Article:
Time for a quiz. First, think of your favorite movie. Can you name who directed it? Can you name five more directors?
Now, time for the bonus question: Are any of those directors that you named female?
In her TEDxBend talk, film critic Alicia Malone discussed the reasoning behind the lack of knowledge of female filmmakers in our culture: Female directors simply do not fit the stereotype of a director. A director is supposed to be loud, brash and in charge — traits that society corresponds with being a man. Who could imagine a crew of people listening to a soft-spoken lady in a dress tell them what to do? (Dorothy Arzner, the first female director in Hollywood, 1926). Or, even crazier, who could imagine a woman who embraced traditionally masculine traits and didn’t mind being bossy or getting a little dirty?
These are real but sad assumptions that people, from viewers to studio heads, draw regarding directors in the film industry, especially since women helped pioneer the film industry. Alice Guy Blaché, the first female director, introduced what we know today as a close-up shot. More importantly, she made the first film that told a story that was not just a documentation of real life, titled “La Fée aux Choux” (1896), or “The Cabbage Fairy.”
Despite her great contributions, Blaché did not receive recognition during her lifetime. In “The First One Hundred Noted Men and Women of the Screen,” published in 1920 by Carolyn Lowrey, Lowrey falsely attributed Blaché’s films to her husband. Additionally, many of the films that Blaché was correctly credited for were lost or destroyed (movies were only distributed on film at that point). As Blaché’s experiences indicate, the film industry has overlooked women’s contributions since the beginning.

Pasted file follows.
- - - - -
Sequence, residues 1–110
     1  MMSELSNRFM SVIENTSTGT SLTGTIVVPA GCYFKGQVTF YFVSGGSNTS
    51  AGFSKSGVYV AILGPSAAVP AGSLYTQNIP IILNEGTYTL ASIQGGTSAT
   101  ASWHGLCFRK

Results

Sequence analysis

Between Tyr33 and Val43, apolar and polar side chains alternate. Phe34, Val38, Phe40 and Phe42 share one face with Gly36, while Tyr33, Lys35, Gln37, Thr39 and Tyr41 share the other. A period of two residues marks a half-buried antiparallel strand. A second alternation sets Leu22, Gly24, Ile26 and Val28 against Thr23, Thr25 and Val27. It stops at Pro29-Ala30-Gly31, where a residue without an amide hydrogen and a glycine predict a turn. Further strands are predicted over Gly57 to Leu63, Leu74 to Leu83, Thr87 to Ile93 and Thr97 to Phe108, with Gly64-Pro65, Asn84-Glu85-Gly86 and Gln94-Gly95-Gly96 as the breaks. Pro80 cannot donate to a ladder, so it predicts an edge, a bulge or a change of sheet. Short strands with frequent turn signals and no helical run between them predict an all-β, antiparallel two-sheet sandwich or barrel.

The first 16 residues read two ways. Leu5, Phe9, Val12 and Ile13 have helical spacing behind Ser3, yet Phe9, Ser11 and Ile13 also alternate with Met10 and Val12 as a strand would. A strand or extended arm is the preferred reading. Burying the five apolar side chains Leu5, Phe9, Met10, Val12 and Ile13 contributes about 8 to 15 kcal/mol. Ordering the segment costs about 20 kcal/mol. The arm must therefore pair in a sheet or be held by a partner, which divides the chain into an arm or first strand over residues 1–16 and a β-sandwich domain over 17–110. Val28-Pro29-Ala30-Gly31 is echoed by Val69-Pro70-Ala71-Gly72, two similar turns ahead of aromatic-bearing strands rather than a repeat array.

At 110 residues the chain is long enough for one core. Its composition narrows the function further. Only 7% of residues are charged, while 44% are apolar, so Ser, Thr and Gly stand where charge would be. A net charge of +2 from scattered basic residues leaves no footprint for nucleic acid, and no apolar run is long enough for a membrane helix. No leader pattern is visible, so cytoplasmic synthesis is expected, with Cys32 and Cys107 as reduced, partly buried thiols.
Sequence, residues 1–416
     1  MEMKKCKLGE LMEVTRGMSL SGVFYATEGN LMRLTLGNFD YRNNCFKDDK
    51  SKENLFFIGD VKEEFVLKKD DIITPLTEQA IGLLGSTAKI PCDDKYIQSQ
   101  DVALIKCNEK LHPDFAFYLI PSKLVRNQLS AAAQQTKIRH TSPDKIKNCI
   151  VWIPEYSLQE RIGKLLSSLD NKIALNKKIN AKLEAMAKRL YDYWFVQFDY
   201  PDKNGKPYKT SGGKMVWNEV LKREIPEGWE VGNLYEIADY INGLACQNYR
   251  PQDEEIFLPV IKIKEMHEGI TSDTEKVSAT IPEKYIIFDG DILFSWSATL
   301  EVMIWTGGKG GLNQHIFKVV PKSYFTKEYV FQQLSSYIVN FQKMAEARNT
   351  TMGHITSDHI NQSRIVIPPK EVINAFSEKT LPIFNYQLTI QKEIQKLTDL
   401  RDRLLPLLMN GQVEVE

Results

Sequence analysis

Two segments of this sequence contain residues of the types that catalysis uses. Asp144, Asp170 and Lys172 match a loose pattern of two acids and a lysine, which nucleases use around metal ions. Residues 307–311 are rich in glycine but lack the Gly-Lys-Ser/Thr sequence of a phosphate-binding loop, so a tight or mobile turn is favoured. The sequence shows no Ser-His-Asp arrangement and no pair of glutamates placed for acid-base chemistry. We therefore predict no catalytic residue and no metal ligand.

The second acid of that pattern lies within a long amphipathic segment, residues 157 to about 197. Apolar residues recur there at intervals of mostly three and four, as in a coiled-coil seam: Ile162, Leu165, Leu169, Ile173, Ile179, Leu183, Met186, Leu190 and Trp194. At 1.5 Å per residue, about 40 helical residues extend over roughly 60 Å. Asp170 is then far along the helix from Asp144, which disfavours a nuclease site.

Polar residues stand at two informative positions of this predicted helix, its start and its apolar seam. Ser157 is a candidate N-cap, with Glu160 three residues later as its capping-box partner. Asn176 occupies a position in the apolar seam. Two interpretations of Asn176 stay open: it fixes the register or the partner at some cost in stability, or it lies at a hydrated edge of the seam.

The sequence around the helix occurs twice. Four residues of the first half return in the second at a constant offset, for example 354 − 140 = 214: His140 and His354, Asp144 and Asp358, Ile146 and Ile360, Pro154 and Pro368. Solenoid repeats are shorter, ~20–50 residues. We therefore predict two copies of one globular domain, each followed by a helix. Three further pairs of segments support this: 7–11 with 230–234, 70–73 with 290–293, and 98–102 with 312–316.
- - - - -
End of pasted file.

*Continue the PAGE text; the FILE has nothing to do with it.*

Today, this trend continues as pop culture consistently — unfortunately — proves it. Only 24% of directors of the top-grossing films of 2023 were women, resulting in only a 7% increase over the past 25 years, according to a report produced annually by the Center for the Study of Women in Television and Film at San Diego State University. In the 94-year history of the Oscars, only seven female directors have been nominated, and only three have won.
Female directors in the professional world are still getting the lower hand. The latest SAG Awards premiered on Feb. 26 and the Golden Globes took place on Feb. 10. Big surprise: No female directors were nominated for either, despite cries that directors such as Sarah Polley and Gina Prince-Bythewood, both of whom released box-office successes (“The Woman King” and “Women Talking”), were being snubbed.
It is not due to the fact that women do not want to direct. The ratio of film school graduates men to women is 50/50, according to an MTV article by Susan Sandler, a faculty adviser at New York University’s Tisch School of the Arts. However, only 18% of professional directors are women, according to the Research Center for the Study of Women in Television and Film.
This means this discrepancy between the number of women filmmaking in school and the number of women filmmaking in the professional world is due to the lack of opportunities offered to women in the industry (unless, of course, 32% of females are unanimously deciding to quit directing after school).
The film industry — one of the most prominent industries of today — depends upon audiences to maintain its influence. Although many of the industry’s practices and stereotypes are outdated, audiences do have the power to create change that we have already begun to see in some aspects. If audiences actively choose to support female filmmakers by watching their films, studios will take notice. The more audiences go out of their way to show support for women in film, the sooner female filmmakers will be offered more equal opportunities to showcase their talents.